I have been offered a job with a software firm which does high level custom software. I believe i am the first person there with some AI background and that very soon now many of their projects will require some AI. I am not a lead, i don't think i have the skills, technical or managerial. Is it possible for a software development team with one person with some AI background, to learn to implement various AI techniques succesfully?

My own background is that i studied AI but with a focus on cognition (ie: use AI to better understand cognition, human or otherwise). Afterwards i learned the craft of software development (Java webapps) and worked in this field until i found a PhD position. During my PhD i dabbled a bit with machine learning, academically. Soon i focussed again on the more cognition oriented approach, and looked for ways of formalising knowledge from literature so it could be used inside a custom classifier to better analyse a new dataset.

The funding ran out before i could finish and i returned to software development. Ideally i would love a job where i could join a AI-oriented team, and learn more about production-level AI on the job.

The job i have been offered is with a firm that makes custom software. They are starting a new project which should employ AI to help human operators fulfil a complex task. Another project uses very costly calculation and one ML component. The data it works on is public and google has announced it will have a go at the data. I expect that when google is done, there will be a scramble to use ML for all the components.

In general i think that 5 years from now all their software projects will require some form of AI. If i were running this software company i would go and look for a lead developer who had proven themselves in AI. Then i would task this person with interviewing to find 2 'luitenants'.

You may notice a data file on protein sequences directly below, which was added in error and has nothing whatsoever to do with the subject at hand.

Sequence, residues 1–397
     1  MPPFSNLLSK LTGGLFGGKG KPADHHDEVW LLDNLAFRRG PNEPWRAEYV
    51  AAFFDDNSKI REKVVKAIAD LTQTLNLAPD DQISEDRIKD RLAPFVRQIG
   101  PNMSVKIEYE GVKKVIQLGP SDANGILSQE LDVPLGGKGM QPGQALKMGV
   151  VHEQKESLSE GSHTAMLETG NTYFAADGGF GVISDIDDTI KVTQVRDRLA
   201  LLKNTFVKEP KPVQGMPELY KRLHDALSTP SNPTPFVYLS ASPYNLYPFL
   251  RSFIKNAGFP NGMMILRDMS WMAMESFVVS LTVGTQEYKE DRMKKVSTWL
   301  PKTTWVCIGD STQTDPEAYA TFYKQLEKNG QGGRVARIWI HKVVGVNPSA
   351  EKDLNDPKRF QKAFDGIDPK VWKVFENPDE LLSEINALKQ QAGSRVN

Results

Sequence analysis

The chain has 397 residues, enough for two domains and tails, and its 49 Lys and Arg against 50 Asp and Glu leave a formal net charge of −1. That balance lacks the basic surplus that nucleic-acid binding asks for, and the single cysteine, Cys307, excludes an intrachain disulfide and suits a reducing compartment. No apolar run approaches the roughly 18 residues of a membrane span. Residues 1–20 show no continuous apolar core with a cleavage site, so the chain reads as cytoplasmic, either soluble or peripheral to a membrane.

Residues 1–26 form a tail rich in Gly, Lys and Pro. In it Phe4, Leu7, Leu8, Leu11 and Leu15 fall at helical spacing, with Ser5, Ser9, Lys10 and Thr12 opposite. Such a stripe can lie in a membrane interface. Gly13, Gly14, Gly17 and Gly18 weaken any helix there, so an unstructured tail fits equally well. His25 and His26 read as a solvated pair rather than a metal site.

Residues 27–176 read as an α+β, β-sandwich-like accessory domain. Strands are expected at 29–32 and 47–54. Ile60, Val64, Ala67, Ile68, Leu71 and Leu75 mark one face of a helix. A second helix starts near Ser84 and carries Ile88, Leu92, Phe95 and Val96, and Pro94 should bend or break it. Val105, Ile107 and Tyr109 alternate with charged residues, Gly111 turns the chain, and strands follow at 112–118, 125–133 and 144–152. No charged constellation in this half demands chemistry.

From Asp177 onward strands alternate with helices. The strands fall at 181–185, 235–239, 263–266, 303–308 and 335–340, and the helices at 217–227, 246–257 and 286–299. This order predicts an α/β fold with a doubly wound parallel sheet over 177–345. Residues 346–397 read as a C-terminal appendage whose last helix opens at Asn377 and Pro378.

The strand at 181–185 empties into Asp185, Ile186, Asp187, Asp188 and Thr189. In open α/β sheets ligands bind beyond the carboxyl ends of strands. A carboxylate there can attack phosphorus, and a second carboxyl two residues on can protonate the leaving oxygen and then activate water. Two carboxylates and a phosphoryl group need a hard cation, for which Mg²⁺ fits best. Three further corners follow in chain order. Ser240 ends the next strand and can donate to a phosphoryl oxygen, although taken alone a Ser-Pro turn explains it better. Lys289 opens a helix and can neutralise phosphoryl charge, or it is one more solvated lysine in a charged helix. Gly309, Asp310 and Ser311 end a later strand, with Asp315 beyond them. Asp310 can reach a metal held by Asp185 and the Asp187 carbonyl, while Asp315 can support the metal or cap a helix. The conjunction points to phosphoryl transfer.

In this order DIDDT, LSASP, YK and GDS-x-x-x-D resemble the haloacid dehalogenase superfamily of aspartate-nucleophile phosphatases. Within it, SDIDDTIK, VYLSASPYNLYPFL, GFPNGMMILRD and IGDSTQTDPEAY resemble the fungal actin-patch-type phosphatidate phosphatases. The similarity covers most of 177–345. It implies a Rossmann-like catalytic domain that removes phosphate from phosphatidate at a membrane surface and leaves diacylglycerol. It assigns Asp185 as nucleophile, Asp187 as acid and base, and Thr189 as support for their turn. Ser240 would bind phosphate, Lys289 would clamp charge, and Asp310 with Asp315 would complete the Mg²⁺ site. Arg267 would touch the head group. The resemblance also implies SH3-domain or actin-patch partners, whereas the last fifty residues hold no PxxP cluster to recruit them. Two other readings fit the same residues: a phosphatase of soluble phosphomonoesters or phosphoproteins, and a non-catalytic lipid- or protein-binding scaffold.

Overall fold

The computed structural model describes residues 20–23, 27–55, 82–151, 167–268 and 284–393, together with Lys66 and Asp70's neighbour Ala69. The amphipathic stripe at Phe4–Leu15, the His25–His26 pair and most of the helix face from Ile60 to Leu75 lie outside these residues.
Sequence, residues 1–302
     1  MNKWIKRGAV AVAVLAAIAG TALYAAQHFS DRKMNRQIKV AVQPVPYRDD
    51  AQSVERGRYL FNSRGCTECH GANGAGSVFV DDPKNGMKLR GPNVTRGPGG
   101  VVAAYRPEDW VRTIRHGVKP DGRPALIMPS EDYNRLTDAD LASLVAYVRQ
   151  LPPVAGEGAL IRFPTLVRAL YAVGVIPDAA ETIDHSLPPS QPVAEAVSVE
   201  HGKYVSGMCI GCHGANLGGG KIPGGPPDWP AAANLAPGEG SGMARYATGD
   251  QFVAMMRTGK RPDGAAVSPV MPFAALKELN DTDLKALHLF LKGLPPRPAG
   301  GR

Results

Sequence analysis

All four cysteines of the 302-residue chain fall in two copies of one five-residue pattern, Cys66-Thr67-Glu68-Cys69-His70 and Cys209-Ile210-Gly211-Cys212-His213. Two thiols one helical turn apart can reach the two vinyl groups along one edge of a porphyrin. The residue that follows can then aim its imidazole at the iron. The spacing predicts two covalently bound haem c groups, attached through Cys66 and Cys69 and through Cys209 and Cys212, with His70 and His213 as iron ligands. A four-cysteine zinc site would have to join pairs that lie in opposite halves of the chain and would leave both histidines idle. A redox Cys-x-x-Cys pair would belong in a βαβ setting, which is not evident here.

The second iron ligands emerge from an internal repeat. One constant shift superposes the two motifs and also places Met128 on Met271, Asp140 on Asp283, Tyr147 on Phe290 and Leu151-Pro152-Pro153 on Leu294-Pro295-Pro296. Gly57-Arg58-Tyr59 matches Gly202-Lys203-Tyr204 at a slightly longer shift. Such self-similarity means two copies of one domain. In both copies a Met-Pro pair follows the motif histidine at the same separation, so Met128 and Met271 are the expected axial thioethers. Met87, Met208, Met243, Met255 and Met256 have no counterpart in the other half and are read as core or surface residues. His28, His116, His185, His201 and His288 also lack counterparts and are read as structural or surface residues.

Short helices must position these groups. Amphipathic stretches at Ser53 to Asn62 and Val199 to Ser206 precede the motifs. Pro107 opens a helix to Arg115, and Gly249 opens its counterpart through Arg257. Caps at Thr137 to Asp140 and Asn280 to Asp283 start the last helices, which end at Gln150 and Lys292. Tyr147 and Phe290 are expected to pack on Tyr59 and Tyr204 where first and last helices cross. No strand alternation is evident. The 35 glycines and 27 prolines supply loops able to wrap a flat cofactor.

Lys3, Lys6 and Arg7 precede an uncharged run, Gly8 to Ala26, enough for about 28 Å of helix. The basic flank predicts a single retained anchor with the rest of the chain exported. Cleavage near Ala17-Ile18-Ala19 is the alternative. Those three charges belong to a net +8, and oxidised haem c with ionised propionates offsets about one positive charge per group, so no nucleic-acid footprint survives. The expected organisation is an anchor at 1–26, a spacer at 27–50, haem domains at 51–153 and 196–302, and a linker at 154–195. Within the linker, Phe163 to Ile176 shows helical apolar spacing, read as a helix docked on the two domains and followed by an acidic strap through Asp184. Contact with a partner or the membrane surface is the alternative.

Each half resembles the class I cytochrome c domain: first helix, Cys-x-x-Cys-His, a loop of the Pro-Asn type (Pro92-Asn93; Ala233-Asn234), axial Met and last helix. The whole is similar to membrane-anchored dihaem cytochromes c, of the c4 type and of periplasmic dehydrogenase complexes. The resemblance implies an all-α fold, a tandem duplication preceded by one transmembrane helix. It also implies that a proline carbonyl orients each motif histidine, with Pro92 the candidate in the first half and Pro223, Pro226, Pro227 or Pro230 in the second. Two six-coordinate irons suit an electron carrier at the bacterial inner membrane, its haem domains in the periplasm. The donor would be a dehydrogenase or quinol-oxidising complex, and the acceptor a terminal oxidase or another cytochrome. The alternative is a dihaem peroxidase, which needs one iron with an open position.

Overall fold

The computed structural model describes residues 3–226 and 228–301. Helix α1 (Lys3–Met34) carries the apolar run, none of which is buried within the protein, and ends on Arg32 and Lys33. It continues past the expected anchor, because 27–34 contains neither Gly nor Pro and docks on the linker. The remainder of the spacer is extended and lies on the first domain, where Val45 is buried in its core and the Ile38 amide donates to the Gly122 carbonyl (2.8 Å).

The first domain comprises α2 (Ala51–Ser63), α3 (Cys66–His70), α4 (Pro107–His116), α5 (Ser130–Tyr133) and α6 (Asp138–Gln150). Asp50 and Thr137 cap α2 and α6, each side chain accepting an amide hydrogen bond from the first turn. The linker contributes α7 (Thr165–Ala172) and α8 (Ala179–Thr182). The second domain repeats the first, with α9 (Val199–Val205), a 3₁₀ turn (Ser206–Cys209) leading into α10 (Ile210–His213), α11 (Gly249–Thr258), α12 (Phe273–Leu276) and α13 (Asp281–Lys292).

What are the chances of a software development team including one member who knows about machine learning in an academic context, getting up-to-speed and delivering production level software incorporating AI?

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    $\begingroup$ I think you should ask this question in career.se $\endgroup$ – user9947 May 26 '19 at 4:21
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    $\begingroup$ "jumping in the deepend is the best way to learn how to swim" "dont bite off more than you can chew" Decide which quote you like more. $\endgroup$ – mshlis May 26 '19 at 4:21
  • $\begingroup$ @mshlis, the second obviously. Now I'm trying to estimate the amount I can chew ;-) $\endgroup$ – Ivana May 26 '19 at 11:32

I think you should be fine if you are using other people's tried and tested algorithms and have a reasonable understanding of machine learning best practices - how to clean and balance your dataset and how to effectively measure performance. Maybe if you are trying to come up with new algorithms / DNN architectures you will struggle.


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